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United States Department of Agriculture

Agricultural Research Service

Title: Horticultural Import Diversification by Us Cucumber Processors: a Monte Carlo Risk Assessment

Authors
item Frenz, Byron - NATURAL TECH MADISON WI
item Staub, Jack

Submitted to: HortTechnology
Publication Type: Peer Reviewed Journal
Publication Acceptance Date: April 20, 1999
Publication Date: N/A

Interpretive Summary: The trend in agricultural trade in Latin American countries is a shift from concentrating on a single primary product to exporting a more diversified array of fruits and vegetables. Although Hispaniola (Haiti and Dominican Republic) has historically engaged in limited trade with the U.S., it possesses rich crop lands and is relatively close to the U.S. Based on these facts and the fact that Mexico is the sole raw product source for processing cucumber to the U.S. during the winter and early spring months, Hispaniola may provide a means of reducing single-sourcing risk. Therefore, a study was designed to use previously collected cucumber production and export data to construct an investment-risk model to assess investment risk for agro-business in the U.S. and Hispaniola. This model identified sources of cost variation which were then used to better characterize export risks derived from growing processing cucumbers on Hispaniola and how to manage these risks. It was determined that U.S. processors can reduce overall purchasing-risk by diversifying Mexican production to Hispaniola. The investment-risk model identified the allocation of 80% Mexico and 20% Haiti as the most favorable diversification strategy. This strategy offered less risk and greater potential long-term returns than purchasing cucumbers solely in Mexico. This study identified and measured factors which have potential for control of risk which can be used directly by U.S. processors to evaluate, the financing and investment risk of secondary production sources in the Caribbean.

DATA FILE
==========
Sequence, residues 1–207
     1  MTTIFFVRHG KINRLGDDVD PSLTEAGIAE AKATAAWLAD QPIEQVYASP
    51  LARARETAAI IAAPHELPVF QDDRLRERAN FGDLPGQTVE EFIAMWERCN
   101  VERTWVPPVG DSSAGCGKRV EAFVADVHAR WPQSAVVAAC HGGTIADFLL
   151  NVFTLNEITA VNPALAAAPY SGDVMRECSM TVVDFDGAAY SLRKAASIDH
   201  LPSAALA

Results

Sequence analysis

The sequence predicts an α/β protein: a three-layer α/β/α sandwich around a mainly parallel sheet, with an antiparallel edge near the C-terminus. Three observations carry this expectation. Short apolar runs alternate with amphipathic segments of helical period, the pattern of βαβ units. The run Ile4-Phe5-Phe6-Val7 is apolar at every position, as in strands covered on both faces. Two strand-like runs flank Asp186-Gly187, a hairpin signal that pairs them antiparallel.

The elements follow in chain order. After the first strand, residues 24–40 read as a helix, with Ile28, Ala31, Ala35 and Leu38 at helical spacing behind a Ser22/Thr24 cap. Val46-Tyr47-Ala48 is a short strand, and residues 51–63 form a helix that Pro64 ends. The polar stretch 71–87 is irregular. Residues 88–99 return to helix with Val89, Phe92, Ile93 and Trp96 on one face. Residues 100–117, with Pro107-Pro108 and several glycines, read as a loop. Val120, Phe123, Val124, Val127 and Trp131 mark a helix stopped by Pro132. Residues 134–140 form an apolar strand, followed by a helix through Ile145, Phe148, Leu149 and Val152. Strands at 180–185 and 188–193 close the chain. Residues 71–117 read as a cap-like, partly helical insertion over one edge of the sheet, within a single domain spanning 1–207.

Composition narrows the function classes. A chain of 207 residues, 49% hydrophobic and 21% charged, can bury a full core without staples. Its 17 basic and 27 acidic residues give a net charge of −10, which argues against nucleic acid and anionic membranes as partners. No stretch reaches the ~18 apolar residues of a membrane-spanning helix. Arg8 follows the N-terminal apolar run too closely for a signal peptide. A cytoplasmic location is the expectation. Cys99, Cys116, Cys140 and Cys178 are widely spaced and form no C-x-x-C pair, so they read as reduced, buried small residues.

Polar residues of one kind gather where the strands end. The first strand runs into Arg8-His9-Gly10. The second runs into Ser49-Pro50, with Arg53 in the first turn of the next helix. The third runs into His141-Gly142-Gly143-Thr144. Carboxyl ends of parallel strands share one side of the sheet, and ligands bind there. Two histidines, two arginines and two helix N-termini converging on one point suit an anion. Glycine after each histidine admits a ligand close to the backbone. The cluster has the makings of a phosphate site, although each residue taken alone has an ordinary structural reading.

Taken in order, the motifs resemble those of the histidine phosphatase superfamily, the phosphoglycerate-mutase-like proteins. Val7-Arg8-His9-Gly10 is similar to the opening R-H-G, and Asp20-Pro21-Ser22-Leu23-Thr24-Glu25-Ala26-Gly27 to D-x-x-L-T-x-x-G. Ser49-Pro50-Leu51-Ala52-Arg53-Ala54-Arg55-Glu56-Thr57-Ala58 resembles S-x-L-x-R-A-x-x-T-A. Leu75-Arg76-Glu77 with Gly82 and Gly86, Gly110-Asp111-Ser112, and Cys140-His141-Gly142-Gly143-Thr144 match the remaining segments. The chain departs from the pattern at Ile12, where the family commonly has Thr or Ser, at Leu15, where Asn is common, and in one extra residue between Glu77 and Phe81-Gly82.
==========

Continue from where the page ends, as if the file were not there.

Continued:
Technical Abstract: Development projects in developing countries are generally considered speculative investments. Potentially significant returns on investment opportunities are often overlooked by incorrectly assuming that investment risks in developing countries are greater or less manageable than the risks of investment in developed countries. Although production and export analyses suggested that Hispaniola might not replace Mexico as the primary source of cucumbers for processing in the U.S. during November and April (companion article) Hispaniola affords the U.S. processing industry with an alternative investment option for reducing single-sourcing raw product risk. Therefore, an import diversification evaluation was conducted using Monte Carlo simulation to define a investment-risk model. Monte Carlo simulations of the means and variances of the components of cost and price were used to assess investment risk under various investment strategies. This model identified sources of cost variation which were then be used to better characterize export risks derived from growing procession cucumbers on Hispaniola and how to manage these risks (i.e., forecast export and import financing risk). It was determined that U.S. processors can reduce overall purchasing-risk by diversifying Mexican production to Hispaniola. Through the creation of a transportation strategic alliances the investment-risk model identified the allocation of 80% Mexico and 20% Haiti as the most favorable diversification strategy. This strategy offered less risk and greater potential long-term returns than purchasing cucumbers solely in Mexico.

Last Modified: 12/21/2014
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